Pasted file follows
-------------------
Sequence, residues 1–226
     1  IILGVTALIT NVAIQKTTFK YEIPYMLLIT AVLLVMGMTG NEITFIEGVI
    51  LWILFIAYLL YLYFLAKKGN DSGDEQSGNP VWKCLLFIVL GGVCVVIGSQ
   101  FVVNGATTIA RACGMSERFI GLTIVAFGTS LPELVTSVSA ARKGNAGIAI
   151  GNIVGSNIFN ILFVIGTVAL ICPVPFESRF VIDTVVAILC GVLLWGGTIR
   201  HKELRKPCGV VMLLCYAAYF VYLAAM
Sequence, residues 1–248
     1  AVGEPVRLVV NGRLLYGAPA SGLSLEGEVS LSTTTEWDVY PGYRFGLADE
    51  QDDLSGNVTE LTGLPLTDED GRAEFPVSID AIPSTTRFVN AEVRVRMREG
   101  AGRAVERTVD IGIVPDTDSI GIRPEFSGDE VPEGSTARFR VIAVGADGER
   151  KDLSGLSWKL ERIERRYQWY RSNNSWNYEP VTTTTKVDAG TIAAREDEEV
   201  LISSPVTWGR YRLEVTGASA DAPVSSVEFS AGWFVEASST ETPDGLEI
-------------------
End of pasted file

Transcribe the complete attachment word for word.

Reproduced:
Sequence, residues 1–226
     1  IILGVTALIT NVAIQKTTFK YEIPYMLLIT AVLLVMGMTG NEITFIEGVI
    51  LWILFIAYLL YLYFLAKKGN DSGDEQSGNP VWKCLLFIVL GGVCVVIGSQ
   101  FVVNGATTIA RACGMSERFI GLTIVAFGTS LPELVTSVSA ARKGNAGIAI
   151  GNIVGSNIFN ILFVIGTVAL ICPVPFESRF VIDTVVAILC GVLLWGGTIR
   201  HKELRKPCGV VMLLCYAAYF VYLAAM
Sequence, residues 1–248
     1  AVGEPVRLVV NGRLLYGAPA SGLSLEGEVS LSTTTEWDVY PGYRFGLADE
    51  QDDLSGNVTE LTGLPLTDED GRAEFPVSID AIPSTTRFVN AEVRVRMREG
   101  AGRAVERTVD IGIVPDTDSI GIRPEFSGDE VPEGSTARFR VIAVGADGER
   151  KDLSGLSWKL ERIERRYQWY RSNNSWNYEP VTTTTKVDAG TIAAREDEEV
   201  LISSPVTWGR YRLEVTGASA DAPVSSVEFS AGWFVEASST ETPDGLEI